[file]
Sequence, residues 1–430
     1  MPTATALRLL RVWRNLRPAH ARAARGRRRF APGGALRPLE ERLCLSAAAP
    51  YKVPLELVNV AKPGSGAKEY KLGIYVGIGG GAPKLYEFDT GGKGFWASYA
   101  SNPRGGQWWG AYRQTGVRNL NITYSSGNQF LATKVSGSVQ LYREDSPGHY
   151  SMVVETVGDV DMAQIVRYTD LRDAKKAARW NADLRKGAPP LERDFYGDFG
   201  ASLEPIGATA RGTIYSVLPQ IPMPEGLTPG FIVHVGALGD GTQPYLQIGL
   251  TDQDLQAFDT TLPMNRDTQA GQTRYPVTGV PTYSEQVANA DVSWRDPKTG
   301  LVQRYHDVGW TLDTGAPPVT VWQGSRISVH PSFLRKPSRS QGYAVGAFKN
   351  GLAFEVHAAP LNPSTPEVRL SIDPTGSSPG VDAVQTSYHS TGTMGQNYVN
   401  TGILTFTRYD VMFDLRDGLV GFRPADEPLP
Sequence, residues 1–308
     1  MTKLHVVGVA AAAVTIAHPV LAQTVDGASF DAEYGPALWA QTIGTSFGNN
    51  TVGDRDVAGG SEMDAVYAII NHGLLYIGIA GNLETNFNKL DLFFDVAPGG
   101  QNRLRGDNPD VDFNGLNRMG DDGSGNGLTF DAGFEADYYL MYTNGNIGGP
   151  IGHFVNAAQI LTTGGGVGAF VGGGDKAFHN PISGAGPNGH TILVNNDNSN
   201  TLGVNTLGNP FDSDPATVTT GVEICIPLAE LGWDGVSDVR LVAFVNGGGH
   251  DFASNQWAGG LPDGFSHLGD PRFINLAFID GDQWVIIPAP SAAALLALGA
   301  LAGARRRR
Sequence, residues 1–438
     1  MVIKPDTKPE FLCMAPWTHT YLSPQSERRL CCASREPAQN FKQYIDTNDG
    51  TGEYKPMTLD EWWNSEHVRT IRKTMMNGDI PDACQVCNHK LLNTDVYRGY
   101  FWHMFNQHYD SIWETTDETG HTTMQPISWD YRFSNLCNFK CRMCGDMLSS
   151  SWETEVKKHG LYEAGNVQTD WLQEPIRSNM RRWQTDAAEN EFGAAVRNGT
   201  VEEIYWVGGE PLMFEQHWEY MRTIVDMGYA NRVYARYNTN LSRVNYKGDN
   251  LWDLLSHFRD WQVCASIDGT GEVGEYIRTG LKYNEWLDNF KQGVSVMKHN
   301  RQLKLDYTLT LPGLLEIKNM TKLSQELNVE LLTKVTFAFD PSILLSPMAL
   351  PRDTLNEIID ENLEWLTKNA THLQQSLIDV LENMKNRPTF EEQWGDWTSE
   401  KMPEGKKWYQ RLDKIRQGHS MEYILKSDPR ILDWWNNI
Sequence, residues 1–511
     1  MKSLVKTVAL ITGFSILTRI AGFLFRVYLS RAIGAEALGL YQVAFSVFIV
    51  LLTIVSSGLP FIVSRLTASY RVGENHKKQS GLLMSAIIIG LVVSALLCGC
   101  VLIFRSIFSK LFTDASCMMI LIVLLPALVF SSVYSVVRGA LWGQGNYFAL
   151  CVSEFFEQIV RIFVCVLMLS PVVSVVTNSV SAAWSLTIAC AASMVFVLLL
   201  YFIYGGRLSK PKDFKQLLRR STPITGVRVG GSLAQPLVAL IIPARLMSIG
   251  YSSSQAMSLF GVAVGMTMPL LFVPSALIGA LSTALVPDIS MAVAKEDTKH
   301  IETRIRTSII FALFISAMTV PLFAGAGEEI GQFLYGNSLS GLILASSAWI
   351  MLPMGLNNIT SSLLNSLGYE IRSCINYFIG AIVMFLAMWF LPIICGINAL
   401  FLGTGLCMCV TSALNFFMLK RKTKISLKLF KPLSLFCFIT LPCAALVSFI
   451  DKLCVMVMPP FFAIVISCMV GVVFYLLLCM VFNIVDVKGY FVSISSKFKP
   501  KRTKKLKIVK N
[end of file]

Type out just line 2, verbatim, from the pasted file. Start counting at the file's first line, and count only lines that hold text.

     1  MPTATALRLL RVWRNLRPAH ARAARGRRRF APGGALRPLE ERLCLSAAAP